The managed cluster registration operator needs access permission to register the managed clusters. Remember, cluster-scope resources from the managed clusters were not backed up. Let's use heredoc to create a ClusterRole resource, where access is granted to the managed cluster resources:

cat << EOF | oc  apply -f -
apiVersion: rbac.authorization.k8s.io/v1
kind: ClusterRole
metadata:
name: system:open-cluster-management:managedcluster:bootstrap:${managedclustername}
rules:
- apiGroups:
- certificates.k8s.io
resources:
- certificatesigningrequests
verbs:
- create
- get
- list
- watch
- apiGroups:
- cluster.open-cluster-management.io
resources:
- managedclusters
verbs:
- get
- create
EOF

cat << EOF | oc apply -f -
apiVersion: rbac.authorization.k8s.io/v1
kind: ClusterRoleBinding
metadata:
managedFields:
name: system:open-cluster-management:managedcluster:bootstrap:${managedclustername}
roleRef:
apiGroup: rbac.authorization.k8s.io
kind: ClusterRole
name: system:open-cluster-management:managedcluster:bootstrap:${managedclustername}
subjects:
- kind: ServiceAccount
name: ${managedclustername}-bootstrap-sa
namespace: ${managedclustername}
EOF

cat << EOF | oc apply -f -
apiVersion: rbac.authorization.k8s.io/v1
kind: ClusterRole
metadata:
name: open-cluster-management:managedcluster:${managedclustername}
rules:
- apiGroups:
- certificates.k8s.io
resources:
- certificatesigningrequests
verbs:
- create
- get
- list
- watch
- apiGroups:
- register.open-cluster-management.io
resources:
- managedclusters/clientcertificates
verbs:
- renew
- apiGroups:
- cluster.open-cluster-management.io
resourceNames:
- ${managedclustername}
resources:
- managedclusters
verbs:
- get
- list
- update
- watch
- apiGroups:
- cluster.open-cluster-management.io
resourceNames:
- ${managedclustername}
resources:
- managedclusters/status
verbs:
- patch
- update
EOF

cat << EOF | oc apply -f -
apiVersion: rbac.authorization.k8s.io/v1
kind: ClusterRoleBinding
metadata:
name: open-cluster-management:managedcluster:${managedclustername}
roleRef:
apiGroup: rbac.authorization.k8s.io
kind: ClusterRole
name: open-cluster-management:managedcluster:${managedclustername}
subjects:
- apiGroup: rbac.authorization.k8s.io
kind: Group
name: system:open-cluster-management:${managedclustername}
EOF

Now replace boostrap-hub-kubeconfig with the following commands:

oc --kubeconfig=managedcluster.kubeconfig delete secret bootstrap-hub-kubeconfig -n open-cluster-management-agent
oc --kubeconfig=managedcluster.kubeconfig create secret generic bootstrap-hub-kubeconfig --from-file=kubeconfig=newbootstraphub.kubeconfig -n open-cluster-management-agent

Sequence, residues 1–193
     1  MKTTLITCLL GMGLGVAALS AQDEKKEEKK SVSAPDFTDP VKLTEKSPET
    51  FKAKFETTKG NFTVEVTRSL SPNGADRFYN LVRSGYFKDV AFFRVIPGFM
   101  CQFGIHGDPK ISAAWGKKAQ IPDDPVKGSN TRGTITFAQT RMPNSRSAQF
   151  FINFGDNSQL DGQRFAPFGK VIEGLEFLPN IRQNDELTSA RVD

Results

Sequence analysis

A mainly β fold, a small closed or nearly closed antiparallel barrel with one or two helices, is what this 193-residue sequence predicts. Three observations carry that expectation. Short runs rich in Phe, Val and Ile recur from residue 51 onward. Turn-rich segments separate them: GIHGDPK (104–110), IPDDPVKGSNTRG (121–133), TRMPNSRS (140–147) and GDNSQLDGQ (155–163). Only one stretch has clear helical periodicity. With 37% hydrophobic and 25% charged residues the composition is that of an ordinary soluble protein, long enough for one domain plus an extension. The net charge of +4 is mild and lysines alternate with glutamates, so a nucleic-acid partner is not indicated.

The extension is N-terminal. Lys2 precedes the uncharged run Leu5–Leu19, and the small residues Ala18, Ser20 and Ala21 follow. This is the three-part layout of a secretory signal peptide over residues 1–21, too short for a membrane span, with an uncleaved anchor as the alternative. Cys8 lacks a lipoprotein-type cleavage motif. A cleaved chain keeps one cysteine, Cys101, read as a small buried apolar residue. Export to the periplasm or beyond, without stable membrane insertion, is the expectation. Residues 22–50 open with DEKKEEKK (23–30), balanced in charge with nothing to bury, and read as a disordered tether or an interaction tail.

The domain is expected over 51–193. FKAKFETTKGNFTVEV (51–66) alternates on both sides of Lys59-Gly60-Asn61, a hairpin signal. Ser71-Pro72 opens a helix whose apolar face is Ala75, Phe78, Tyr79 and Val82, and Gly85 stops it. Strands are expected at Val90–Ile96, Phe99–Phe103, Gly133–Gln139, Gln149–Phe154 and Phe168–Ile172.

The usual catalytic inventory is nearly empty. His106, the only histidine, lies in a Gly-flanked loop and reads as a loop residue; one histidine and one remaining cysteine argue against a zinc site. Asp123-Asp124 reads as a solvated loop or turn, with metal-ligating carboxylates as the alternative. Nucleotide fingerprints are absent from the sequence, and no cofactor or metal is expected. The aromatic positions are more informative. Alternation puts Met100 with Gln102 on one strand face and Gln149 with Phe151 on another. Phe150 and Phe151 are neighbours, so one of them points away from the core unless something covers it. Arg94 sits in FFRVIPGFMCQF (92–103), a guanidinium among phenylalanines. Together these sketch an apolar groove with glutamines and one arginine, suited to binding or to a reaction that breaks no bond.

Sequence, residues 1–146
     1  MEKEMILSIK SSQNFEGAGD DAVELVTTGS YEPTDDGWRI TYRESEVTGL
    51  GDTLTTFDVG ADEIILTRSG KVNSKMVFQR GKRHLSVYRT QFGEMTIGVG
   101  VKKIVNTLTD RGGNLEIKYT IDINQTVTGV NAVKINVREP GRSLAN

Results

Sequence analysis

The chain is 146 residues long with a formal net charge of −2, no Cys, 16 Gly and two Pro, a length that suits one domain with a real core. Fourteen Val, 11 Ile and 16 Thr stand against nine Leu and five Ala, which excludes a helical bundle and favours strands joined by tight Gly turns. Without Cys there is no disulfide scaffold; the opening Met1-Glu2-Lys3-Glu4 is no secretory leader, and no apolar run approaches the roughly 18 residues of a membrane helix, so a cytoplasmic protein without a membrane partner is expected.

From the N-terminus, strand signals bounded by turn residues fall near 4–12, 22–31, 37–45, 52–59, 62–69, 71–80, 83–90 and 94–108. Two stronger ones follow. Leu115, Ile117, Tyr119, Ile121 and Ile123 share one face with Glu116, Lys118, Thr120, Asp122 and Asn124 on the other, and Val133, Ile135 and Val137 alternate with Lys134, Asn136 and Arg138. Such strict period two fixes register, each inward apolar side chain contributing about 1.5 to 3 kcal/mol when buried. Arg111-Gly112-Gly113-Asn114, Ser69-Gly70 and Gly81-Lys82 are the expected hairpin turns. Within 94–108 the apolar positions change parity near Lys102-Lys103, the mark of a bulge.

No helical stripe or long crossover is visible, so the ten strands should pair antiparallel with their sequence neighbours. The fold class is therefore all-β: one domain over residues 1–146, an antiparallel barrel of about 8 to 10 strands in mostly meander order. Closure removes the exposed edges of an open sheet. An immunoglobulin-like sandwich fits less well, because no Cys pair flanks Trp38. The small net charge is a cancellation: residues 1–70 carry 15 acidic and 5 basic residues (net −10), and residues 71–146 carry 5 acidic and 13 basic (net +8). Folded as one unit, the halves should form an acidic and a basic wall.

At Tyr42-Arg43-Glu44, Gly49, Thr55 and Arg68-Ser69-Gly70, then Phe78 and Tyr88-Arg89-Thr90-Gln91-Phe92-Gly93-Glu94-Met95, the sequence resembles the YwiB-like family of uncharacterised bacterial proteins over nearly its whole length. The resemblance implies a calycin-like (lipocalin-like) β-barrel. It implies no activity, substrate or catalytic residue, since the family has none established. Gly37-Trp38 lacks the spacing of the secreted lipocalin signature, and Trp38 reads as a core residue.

After you replace the boostrap-hub-kubeconfig, the pod/klusterlet-registration-agent and pod/klusterlet-work-agent are refreshed. When these pods restart, the managed cluster appears in the list of the managed clusters.

$ oc get managedclusters
NAME HUB ACCEPTED MANAGED CLUSTER URLS JOINED AVAILABLE AGE
local-cluster true True True 23h
managed-one false True 7m1s

Let's have a look at the dr-hub2 console, where managed-one cluster is not yet accepted:

cluster-management-not-accepted

Since the dr-hub1 is still up and running (luckily with no disaster, at least today), take a look at dr-hub1. In the following image, managed-one is labeled Offline.

cluster-management-offline

Accepting managed-one in dr-hub2

Manually accept the managed-one cluster in the dr-hub2 hub cluster with the following command:

 oc patch managedcluster ${managedclustername} -p='{"spec":{"hubAcceptsClient":true}}' --type=merge

Verify that the managed cluster has joined by running the following command:

oc get managedclusters
NAME HUB ACCEPTED MANAGED CLUSTER URLS JOINED AVAILABLE AGE
local-cluster true True True 24h
managed-one true True True 104m

The managed-one cluster is accepted in the dr-hub2 hub cluster. View the following image:

cluster-management-accepted

Conclusion

I have demonstrated how managed cluster configurations can be backed up and restored in a different hub cluster without affecting other pods, except for the RHACM pods in the managed cluster. As a reminder, the RHACM pods restart due to the replacement of boostrap-hub-kubeconfig.

I want to give a special thanks to Zachary Kayyali, David Schmidt, Christine Rizzo, Christian Stark, and Mikela Jackson for reviewing and contributing to this blog. Another special thanks go to Chris Doan for the reviews, insights, and for being the best teammate one would like to have.


Categories

How-tos, GitOps, Red Hat Advanced Cluster Management, Multi-Cluster, disaster recovery, backup